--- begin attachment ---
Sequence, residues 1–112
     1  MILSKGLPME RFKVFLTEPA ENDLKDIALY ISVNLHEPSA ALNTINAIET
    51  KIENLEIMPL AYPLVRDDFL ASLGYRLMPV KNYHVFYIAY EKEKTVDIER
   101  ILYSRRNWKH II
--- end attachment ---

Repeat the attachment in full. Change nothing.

Sequence, residues 1–112
     1  MILSKGLPME RFKVFLTEPA ENDLKDIALY ISVNLHEPSA ALNTINAIET
    51  KIENLEIMPL AYPLVRDDFL ASLGYRLMPV KNYHVFYIAY EKEKTVDIER
   101  ILYSRRNWKH II